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What differentiates an herb from a weed? And what historical significance do herbs hold? Today's episode of A Taste of the Past is a culinary history of herbs. Linda Pelaccio is joined by Gary Allen, herbalist and author of the recent book, Herbs: A Global History. Tune in to hear the difference between herbs and spices. Learn about extinct herbal plants and their ancient uses. Hear about the exchange of regional herbs, and how it has changed the culinary landscape and the food we eat today. Culturally, herbs are symbols for for memory, love, and fidelity. How did these associations come to be? Find out this, and so much more on this week's A Taste of the Past. This episode has been sponsored by Whole Foods.

"Technically herbal teas are not teas- they are infusions. True tea is only the tea plant: camellia sinensis."

"All foods are fusion foods, because every time anyone runs into anyone from anywhere they adapt their dishes to new ingredients and new circumstances."

"Rosemary is often associated with memory because its scent lingers for so long."

-- Gary Allen on A Taste of the Past

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Learn about the history of Antarctic exploration and cuisine on this week's episode of A Taste of the Past. Linda Pelaccio is talking with Jason Anthony, author of the recent Hoosh. But what is 'hoosh'? Antarctic explorers used ingredients like pemmican and melted snow to create a stew that they named hoosh; find out how a diet of hoosh lead to vitamin deficiencies on the cold continent. Tune in to hear about Jason's seasons in Antarctica, and what food he packed for a hundred-day excursion into the center of the continent. What foods are most desired by Antarctic explorers? Also, tune in to hear about early explorers' roasted penguin recipes, and find out how Jason and his colleagues preserved fresh produce in their sleeping bags! This program has been sponsored by Whole Foods. Thanks to Idgy Dean for today's music.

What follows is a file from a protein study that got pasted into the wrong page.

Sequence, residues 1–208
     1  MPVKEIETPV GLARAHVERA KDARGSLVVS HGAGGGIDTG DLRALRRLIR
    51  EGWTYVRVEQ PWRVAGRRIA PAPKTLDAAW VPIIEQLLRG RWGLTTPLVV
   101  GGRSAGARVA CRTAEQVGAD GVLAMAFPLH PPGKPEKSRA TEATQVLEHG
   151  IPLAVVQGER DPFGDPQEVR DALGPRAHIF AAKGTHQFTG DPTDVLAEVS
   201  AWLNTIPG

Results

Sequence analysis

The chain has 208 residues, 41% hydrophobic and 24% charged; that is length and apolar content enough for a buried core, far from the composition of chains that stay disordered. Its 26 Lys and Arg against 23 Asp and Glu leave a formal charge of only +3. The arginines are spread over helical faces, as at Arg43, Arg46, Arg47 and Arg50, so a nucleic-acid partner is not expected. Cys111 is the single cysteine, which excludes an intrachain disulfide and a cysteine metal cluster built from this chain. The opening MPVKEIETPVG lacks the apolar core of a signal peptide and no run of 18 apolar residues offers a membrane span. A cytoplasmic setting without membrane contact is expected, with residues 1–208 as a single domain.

"Antarctica went from being an unknown blank spot on the map to a known blank spot on the map." [7:00]

"Explorers knew from Arctic exploration that you needed more calories in cold temperatures, but the problem was that they were unable to bring enough supplies to Antarctica on their ships to sustain themselves." [8:50]

"I think the unstated thesis of my book is: the worse the food, the better the story!" [15:55]

-- Jason Anthony on A Taste of the Past

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First Aired - 06/27/2013 05:00PM Download MP3 (Full Episode)
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This amazing sauce is used on meats and veggies alike! Make a ton? You can store in Tupperware covered in a layer of oil in the fridge for up to a week! Want it to last even longer? Freeze in ice cube trays! When frozen, pop out cubes and store in freezer bags or Tupperware; defrost at room temp.

  • 1 bunch basil, stems removed
  • ½ bunch parsley, stems removed
  • ½ bunch mint, stems removed
  • ¾ cup olive oil
  • 2 Tbsp lemon juice
  • 1 Tsp crushed red pepper flakes
  • 1 clove garlic
  • 1 Tbsp capers
  • 1 anchovy fillet (optional)
  • Pinch of salt, to taste
  • Before you begin, place your food processor or mortar and pestle in the freezer to chill. Then, destem your herbs and crush your garlic clove, chopping finely if using a mortar and pestle.

    If using a food processor, place all ingredients in the workbowl and buzz for two minutes till smooth.

    If pulverizing by hand, place your chopped garlic, herbs, pepper flakes, anchovy and capers, adding two tablespoons of oil at a time until it’s all incorporated into a nice, smooth emulsification. Then stir in the lemon juice and salt.

    Serve over roasted vegetables, meat or fish!

    This program was sponsored by BluePrint Cleanse.

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